Gabriela Cowperthwaite’s documentary Blackfish has been causing Seaworld some public relations nightmares since its debut.
Blackfish addresses how amusement parks treat orcas in captivity and how trainers suffer injury and, even more sadly, die. Tilikum, the orca at the center of the documentary, killed trainer Dawn Brancheau in 2010, and he is considered responsible for two other deaths as well. Seaworld blames the people involved — suggesting it was their error, intoxication or, seemingly ridiculously, their ponytails, as reasons why.
Through interviews with former trainers, experts, and eyewitnesses, the documentary shifts the focus back to Seaworld for its treatment of the orcas in captivity and for such parks’ capture of orcas at all. One of the crew involved in capturing orcas shed tears as he said the situation was “just like kidnapping a little kid away from their mother.”
The archival video is even more compelling, if difficult to watch. Footage from 2006 shows a trainer’s encounter with an orca who grabbed his foot, dragged him underwater repeatedly, and nearly drowned him before he got away. The commentary explaining what is happening makes for a nail-biting sequence.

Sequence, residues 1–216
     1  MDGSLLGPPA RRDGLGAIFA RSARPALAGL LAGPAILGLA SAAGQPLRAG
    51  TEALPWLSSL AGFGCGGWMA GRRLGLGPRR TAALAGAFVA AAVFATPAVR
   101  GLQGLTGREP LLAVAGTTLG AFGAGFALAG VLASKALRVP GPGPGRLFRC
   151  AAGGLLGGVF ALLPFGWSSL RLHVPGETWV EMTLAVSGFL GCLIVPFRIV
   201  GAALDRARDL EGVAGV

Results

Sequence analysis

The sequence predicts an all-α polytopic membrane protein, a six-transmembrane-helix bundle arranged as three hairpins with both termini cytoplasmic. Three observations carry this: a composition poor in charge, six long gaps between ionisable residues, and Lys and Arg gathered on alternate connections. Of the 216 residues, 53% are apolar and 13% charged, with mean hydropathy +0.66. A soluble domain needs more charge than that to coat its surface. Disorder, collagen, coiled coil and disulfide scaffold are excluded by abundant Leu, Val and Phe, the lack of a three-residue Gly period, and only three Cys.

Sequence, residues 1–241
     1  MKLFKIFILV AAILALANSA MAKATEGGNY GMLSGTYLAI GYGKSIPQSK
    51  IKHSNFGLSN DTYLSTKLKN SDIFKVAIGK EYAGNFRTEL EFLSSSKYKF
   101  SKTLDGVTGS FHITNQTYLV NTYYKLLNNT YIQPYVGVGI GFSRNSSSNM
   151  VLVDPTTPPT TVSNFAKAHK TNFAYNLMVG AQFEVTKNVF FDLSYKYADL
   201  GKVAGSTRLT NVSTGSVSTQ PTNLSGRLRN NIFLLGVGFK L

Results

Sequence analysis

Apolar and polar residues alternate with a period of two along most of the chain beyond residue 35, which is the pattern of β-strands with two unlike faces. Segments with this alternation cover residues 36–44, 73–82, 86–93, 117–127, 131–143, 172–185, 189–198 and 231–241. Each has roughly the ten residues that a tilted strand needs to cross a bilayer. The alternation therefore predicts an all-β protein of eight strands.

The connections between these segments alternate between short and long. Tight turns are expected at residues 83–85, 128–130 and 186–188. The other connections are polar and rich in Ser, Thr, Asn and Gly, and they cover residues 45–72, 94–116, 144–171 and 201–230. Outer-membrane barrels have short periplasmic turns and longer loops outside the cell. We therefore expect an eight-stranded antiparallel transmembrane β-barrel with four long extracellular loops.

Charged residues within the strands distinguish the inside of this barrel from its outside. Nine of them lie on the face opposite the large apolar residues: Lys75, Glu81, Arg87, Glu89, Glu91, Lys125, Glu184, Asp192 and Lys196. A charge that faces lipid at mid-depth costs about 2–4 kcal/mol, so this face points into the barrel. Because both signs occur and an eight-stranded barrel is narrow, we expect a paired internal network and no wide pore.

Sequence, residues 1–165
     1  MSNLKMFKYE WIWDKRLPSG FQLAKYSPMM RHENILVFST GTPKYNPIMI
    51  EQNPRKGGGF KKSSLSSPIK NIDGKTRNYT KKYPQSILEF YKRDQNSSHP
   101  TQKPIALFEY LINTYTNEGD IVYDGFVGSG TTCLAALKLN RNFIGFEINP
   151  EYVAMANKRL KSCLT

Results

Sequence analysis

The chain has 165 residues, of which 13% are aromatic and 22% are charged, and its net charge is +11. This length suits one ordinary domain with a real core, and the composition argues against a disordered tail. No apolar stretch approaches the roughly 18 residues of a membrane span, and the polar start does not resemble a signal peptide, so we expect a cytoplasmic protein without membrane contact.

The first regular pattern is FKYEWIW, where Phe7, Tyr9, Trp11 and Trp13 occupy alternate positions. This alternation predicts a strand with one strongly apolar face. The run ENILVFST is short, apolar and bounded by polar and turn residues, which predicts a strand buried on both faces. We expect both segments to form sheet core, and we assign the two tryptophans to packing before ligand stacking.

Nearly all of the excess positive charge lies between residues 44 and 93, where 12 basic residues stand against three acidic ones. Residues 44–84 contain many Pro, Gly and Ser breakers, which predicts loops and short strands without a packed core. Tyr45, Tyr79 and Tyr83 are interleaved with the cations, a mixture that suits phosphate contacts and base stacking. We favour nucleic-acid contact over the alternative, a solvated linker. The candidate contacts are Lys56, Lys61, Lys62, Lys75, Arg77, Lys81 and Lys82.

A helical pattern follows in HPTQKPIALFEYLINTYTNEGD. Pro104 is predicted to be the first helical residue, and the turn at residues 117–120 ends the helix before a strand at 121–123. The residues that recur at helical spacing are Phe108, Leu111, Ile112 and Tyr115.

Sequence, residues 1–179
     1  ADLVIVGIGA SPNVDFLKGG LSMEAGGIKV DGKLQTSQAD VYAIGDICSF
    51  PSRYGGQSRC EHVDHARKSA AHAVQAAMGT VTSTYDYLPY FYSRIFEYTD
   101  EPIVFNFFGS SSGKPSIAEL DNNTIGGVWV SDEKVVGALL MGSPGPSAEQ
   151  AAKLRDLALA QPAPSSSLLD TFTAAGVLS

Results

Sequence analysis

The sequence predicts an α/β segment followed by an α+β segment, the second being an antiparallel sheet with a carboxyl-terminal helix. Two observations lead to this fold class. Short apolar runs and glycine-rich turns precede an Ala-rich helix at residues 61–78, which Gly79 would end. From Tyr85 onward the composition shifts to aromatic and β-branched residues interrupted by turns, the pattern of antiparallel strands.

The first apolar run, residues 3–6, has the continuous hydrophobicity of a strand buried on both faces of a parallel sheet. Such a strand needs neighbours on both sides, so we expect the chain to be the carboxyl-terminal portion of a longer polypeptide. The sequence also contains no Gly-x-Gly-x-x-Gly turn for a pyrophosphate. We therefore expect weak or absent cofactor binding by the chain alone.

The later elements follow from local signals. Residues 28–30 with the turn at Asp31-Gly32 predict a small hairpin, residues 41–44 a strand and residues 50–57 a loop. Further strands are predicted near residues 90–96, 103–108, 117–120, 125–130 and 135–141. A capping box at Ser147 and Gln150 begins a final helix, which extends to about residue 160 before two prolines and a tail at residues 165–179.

The documentary effectively raises the question about the humaneness of keeping orcas in captivity for public amusement. The nature of the creatures in the wild makes captivity sound almost like solitary confinement. They live in huge families, share a language, and even possess a sense of self. Their capture forces them away from these families into a fake one, where we’re told they harm each other in captivity; “training” involves punishment, through food and sensory deprivation; Tilikum also is a sperm donor used to inseminate females around the country, and their calves are separated from their mothers, causing stress for both.
Blackfish has caught the public’s attention. Several musicians have canceled their concerts at Seaworld, fans are petitioning artists to cancel their shows, and still other musicians request their music not be used as part of shows. Impact, indeed.